The King was baffled.  “And all this talking and writing?  That helps them learn….?  That is your magic? ”

Lucinda smiled, it seems that the King was catching on.  He was learning.

“One thing more, your majesty,” Lucinda began, “I read and write with them.”

The King was perplexed.  “But shouldn’t you be making sure they are reading?  And writing?”

“Modeling behavior we want to encourage is a very wise decision, your majesty.”

The King smiled.  “What else can I do?  Is there anything else you need?  I think I like your magic.”

Lucinda shared her ideas with the King for making the entire country a better place.  Soon books were abundant and available to all.  The King set aside a time every day for all his loyal subjects to stop what they were doing and read.  Paper and writing instruments were provided to all citizens.  The entire country was reading and writing.  

All because of Lucinda and her magic methods.  

Thursday, June 2, 2016

Where I'm From...

In January, I started researching my family roots.  I have become so consumed with my search that I have not taken the time to do any writing or art work for months.   Those projects have been set aside. 

I have tried unsuccessfully to find a way to share the best of what I have found in my ancestry with my Georgia cousins.  We have a Family Reunion coming up in a week!   I spent most of the past two days trying to print what I have found.  I have finally decided that it is just about impossible to share that way because the family tree is like a real tree.  It branches out in all directions.  It is not linear.  And it's not about charts and names.  It's about real people with amazing stories.    

Native American Ancestry?

I cannot find any evidence of Native American ancestry and my DNA sample seems to match what I am finding in my search....100% European ancestry.   

This is a good way to get started:  sharing a photo of my paternal grandmother, Selma Swift, with three of her children. Closest to her are Howard and Agnes with Gladys standing behind her.  All three of these children have led long and productive lives, and they are still living.  I look forward to seeing them next week.    

This photo seems to support the story that Granny was of Cherokee Indian ancestry.  Doesn't she look like a proud Cherokee woman???   Many of my cousins and I have believed that we had that ancestry and though it is disappointing (and surprising) to think that we have been given the wrong information, the science proves that this is not true.  I don't have Cherokee DNA, but I have found many proud and intelligent people who are my ancestors.  We have ancestors who have touched the history of the world, so much more than I would have ever guessed and I can't wait to share all of that with them.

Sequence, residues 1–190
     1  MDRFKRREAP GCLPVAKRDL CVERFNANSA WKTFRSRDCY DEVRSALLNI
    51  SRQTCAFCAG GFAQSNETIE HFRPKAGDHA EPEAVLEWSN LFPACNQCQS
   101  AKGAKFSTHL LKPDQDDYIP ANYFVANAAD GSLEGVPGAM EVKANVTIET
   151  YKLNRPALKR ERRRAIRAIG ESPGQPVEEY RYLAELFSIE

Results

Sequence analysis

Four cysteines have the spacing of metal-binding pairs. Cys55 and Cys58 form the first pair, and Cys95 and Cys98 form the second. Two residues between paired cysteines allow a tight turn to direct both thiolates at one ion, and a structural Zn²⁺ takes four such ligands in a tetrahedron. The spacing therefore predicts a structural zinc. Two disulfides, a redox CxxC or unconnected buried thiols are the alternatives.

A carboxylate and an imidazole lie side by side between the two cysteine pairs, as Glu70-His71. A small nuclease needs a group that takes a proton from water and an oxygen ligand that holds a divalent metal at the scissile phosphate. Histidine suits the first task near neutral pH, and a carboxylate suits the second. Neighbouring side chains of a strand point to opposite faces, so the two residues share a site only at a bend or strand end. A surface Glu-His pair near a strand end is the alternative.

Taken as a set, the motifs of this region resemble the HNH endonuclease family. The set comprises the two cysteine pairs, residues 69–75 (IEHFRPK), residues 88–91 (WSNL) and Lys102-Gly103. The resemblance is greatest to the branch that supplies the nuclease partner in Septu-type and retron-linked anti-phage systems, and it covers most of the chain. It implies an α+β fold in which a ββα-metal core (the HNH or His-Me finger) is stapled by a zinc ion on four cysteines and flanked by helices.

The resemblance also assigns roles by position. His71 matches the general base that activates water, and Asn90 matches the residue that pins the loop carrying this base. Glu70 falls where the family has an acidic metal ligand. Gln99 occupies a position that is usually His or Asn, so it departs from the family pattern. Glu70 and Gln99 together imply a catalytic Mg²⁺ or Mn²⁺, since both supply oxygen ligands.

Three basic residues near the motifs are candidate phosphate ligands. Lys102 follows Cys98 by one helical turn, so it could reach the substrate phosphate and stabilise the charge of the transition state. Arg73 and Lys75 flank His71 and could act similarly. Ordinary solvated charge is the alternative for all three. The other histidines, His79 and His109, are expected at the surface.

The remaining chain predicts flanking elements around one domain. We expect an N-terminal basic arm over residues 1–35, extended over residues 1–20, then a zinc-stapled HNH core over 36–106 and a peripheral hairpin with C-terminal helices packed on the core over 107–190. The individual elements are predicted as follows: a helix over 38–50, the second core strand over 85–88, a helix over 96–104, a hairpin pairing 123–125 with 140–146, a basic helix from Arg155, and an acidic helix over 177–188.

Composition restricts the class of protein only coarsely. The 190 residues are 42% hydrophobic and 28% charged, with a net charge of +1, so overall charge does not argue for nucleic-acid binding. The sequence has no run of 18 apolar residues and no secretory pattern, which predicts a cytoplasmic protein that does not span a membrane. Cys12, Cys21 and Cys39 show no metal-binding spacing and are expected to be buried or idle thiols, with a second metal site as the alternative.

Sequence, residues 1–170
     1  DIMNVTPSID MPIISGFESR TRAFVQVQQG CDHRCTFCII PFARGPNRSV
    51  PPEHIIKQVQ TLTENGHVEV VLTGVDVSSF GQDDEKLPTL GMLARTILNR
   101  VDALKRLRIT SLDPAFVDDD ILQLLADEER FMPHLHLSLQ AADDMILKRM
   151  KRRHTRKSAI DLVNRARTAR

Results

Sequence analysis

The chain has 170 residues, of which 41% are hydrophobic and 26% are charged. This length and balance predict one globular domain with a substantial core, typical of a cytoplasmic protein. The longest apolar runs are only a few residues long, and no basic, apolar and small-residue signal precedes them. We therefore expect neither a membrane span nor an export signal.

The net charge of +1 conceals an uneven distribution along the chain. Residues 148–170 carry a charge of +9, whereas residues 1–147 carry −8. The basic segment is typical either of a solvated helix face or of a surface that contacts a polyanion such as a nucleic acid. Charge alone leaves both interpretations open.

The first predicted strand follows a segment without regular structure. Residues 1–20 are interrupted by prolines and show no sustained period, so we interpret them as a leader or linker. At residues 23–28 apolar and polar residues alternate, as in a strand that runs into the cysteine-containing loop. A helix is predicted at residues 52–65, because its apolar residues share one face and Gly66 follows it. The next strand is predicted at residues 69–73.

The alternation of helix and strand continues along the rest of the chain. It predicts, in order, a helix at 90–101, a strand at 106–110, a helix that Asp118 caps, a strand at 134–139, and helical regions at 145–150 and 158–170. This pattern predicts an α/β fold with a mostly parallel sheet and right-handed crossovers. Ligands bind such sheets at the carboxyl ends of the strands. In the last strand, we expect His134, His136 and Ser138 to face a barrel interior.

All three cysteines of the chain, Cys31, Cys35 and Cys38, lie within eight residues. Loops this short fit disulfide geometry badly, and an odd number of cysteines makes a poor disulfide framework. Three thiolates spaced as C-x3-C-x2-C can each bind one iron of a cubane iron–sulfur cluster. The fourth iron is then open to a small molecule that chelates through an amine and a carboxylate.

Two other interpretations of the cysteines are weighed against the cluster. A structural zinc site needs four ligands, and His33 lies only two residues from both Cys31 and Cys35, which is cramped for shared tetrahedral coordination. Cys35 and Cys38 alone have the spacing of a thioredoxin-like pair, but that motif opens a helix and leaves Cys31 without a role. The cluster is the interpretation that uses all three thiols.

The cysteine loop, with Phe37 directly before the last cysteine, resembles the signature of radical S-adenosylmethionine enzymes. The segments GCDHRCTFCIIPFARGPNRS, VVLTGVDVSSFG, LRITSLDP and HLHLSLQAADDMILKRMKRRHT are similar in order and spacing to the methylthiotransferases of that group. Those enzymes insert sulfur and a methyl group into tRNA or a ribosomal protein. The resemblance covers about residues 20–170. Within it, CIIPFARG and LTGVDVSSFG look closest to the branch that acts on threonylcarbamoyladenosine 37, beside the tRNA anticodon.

As an exercise in my Writing Group, I wrote this little poem from my perspective of growing up in the 50's.  Now that I have begun to research my roots, I realize that I am so much more than what is expressed in this poem.   I have much to share.  So hold on to your hats!  My Cawthon family is amazing!  And my Fairy Fort has now been stretched across an ocean and across many generations.

Where I'm From

 Paulette Whitehurst

 I am from Hand-Me-Downs and Making-Do,
from clotheslines filled with
cotton sheets and terrycloth towels
billowing against a cerulean sky.
From toddlers splashing in silvery galvanized
tubs filled with water from a green garden hose.

I am from front-porch-sitting beside
multicolored flower beds of zinnias,
marigolds, and roses with names
like “First Love” and “Climbing Mermaid;”
From neighbors who borrowed a cup of sugar or
the use of the avocado green telephone on the kitchen wall.

I am from buttermilk-and-cornbread on Saturday nights;
From plates piled high on Sunday
with fried chicken, speckled butter beans, and red ripe
tomatoes picked from backyard vines, from sugar cured
ham decorated with pineapple slices and cherries;
Better Crocker cakes with whipped icing.

I am from flowery wallpapered rooms with overstuffed sofas
and lamplight under fringed shades. I am from
country-music- harmonizing with albums on the Hi Fi;
Late night black-and-white movies with smiling dancers cavorting
Across the screen; sweeping soundtracks that picked me up
And transported me to a place of beauty. And possibility.